If you or a loved one has epilepsy, you likely have a seizure action plan in place. This plan usually includes using rescue medications to help stop seizures in an emergency. These are not the same as daily antiepileptic drugs (AEDs) that are used to control the number or frequency of seizures.
Being able to recognize the signs of a seizure emergency and knowing how to use rescue medications can help protect the brain and body from injuries and also reduce the risk of cognitive problems after a seizure.
Rescue treatments can be used to treat and stop seizures quickly. They can be given as pills or nasal sprays or applied rectally. If you’re prescribed one of these rescue therapies, your doctor should explain how to use them. This article provides an overview of using these medications.
Oral rescue medications are used to treat breakthrough seizures quickly. For some, using rectal rescue treatments can be uncomfortable or embarrassing in public — so oral medications offer a safe alternative. Rescue medications should not be used every day in place of AEDs, especially because they can become less effective when taken too often.
The most commonly prescribed oral rescue medications are benzodiazepines:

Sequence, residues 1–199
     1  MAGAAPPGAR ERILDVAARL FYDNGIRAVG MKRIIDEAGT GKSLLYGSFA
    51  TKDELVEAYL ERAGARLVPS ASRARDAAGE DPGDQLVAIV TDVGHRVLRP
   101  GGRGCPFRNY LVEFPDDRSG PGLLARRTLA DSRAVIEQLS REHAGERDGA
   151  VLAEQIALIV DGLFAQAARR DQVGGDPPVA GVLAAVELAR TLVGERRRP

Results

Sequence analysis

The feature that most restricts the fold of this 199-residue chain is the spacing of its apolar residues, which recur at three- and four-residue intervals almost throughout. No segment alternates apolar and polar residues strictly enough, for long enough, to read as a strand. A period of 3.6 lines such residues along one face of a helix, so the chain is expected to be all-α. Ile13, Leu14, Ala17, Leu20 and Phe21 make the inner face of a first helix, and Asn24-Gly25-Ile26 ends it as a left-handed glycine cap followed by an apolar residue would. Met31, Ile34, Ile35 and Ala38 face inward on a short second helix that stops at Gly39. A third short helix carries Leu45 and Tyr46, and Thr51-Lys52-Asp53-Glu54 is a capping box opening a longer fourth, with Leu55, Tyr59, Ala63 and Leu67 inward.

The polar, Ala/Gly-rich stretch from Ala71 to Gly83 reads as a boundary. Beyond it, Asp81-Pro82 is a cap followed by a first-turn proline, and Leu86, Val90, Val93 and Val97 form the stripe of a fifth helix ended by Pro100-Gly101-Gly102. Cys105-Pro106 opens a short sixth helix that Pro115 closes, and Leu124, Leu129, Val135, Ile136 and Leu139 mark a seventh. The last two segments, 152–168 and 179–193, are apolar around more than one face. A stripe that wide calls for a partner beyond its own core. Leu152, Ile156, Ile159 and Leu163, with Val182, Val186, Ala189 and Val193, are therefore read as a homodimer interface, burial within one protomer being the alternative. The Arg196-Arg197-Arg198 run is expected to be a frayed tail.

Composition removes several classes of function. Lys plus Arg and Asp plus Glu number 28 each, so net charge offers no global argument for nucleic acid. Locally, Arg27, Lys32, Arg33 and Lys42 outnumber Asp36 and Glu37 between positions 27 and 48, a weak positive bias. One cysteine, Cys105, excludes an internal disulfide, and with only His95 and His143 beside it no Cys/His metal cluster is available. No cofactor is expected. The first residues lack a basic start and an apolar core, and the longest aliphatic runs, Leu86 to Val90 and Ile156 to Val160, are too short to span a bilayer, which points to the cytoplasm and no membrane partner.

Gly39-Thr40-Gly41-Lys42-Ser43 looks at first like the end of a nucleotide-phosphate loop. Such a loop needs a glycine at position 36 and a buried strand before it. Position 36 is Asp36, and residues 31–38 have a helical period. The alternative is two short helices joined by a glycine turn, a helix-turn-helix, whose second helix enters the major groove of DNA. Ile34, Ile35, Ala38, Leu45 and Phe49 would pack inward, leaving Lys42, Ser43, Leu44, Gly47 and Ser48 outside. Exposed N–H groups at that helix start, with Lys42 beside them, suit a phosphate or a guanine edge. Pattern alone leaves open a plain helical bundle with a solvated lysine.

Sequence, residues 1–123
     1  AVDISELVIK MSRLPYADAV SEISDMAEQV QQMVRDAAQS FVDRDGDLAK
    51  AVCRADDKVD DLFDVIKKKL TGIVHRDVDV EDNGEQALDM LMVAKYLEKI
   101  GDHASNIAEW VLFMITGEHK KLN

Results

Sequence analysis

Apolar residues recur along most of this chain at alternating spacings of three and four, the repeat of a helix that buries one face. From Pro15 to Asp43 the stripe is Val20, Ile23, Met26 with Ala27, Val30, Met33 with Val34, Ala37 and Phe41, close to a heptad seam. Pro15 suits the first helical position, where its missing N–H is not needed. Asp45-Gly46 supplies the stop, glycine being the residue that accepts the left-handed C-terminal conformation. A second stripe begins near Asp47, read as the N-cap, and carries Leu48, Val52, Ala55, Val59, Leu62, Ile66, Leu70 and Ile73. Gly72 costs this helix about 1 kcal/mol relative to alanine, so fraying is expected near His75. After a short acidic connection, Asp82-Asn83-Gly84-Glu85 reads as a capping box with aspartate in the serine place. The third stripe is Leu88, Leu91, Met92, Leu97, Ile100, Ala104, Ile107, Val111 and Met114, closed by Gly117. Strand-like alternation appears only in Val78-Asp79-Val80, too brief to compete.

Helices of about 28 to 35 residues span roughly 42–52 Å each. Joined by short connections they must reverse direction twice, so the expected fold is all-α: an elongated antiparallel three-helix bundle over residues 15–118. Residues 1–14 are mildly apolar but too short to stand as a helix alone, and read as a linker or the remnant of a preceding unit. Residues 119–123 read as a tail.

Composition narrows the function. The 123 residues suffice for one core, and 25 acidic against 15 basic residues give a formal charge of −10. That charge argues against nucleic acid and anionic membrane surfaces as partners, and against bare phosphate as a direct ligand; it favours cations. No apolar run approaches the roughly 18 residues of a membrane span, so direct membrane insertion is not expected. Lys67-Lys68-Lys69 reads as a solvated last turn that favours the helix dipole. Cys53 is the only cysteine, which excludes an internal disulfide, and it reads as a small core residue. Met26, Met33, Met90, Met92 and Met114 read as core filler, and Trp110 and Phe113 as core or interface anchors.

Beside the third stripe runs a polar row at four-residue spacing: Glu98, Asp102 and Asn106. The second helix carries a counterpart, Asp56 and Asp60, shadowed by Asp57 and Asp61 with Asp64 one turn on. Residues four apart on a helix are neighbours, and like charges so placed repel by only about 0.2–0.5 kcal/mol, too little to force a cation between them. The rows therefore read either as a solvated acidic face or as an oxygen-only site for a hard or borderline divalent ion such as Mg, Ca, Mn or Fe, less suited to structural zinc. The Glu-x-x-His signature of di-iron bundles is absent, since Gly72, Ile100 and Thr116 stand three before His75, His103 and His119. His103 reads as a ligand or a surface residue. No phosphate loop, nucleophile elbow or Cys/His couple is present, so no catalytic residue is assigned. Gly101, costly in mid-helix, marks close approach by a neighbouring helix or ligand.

Oral rescue medications can be given in three ways — orally, sublingually, or buccally. Oral medications are those that can be swallowed, either whole or chewed if they come in tablet form. Before taking medication orally, a person should be alert and awake and able to safely swallow the pill and water. If you or a loved one have been prescribed clonazepam in a wafer form, place the wafer on the tongue and let it dissolve.
If a medication is given sublingually, it should be placed under the tongue so it can dissolve. Do not eat or drink until the medicine is completely dissolved and gone. Most medicines that are given sublingually can also be given buccally, meaning that the pill can be placed between the gum and cheek to dissolve.
Some rescue medications are prescribed in a liquid form — such as diazepam (Diazepam Intensol). You use the dropper given by the pharmacy to measure out the correct dose, then drop it between the cheek and gum. If necessary, the liquid can also be mixed with soft food or another liquid to be swallowed.
Many oral medications also come in a nasal-spray formula. Nasal sprays offer another alternative to rectal medications and work quicker than oral medications. The two formulations available are midazolam (Nayzilam) and diazepam (Valtoco). Dosing and administration depend on the medication.
Nasal sprays come in single-dose packages, so do not test the sprays because they cannot be reused. To give midazolam, administer one spray into one nostril.
The dosing for diazepam depends on the person’s weight — this will affect how many sprays are given. For the 5- or 10-milligram (mg) dose, administer one spray into one nostril. For the 15- or 20-mg dose, administer one spray in each nostril for a total of two sprays.